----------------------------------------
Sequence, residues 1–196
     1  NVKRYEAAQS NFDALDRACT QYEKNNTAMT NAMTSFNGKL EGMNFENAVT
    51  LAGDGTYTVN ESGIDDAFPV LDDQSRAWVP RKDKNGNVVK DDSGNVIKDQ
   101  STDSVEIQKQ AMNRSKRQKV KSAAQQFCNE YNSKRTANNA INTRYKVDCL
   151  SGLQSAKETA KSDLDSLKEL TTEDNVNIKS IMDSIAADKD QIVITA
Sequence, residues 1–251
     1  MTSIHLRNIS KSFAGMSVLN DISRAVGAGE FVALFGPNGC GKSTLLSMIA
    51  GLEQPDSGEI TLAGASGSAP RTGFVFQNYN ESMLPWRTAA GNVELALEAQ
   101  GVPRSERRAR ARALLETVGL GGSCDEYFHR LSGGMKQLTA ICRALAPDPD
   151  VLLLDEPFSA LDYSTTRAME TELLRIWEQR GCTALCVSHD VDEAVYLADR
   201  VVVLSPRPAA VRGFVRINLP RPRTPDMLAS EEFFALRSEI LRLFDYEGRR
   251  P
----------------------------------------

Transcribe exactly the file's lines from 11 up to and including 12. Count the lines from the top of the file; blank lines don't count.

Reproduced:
   201  VVVLSPRPAA VRGFVRINLP RPRTPDMLAS EEFFALRSEI LRLFDYEGRR
   251  P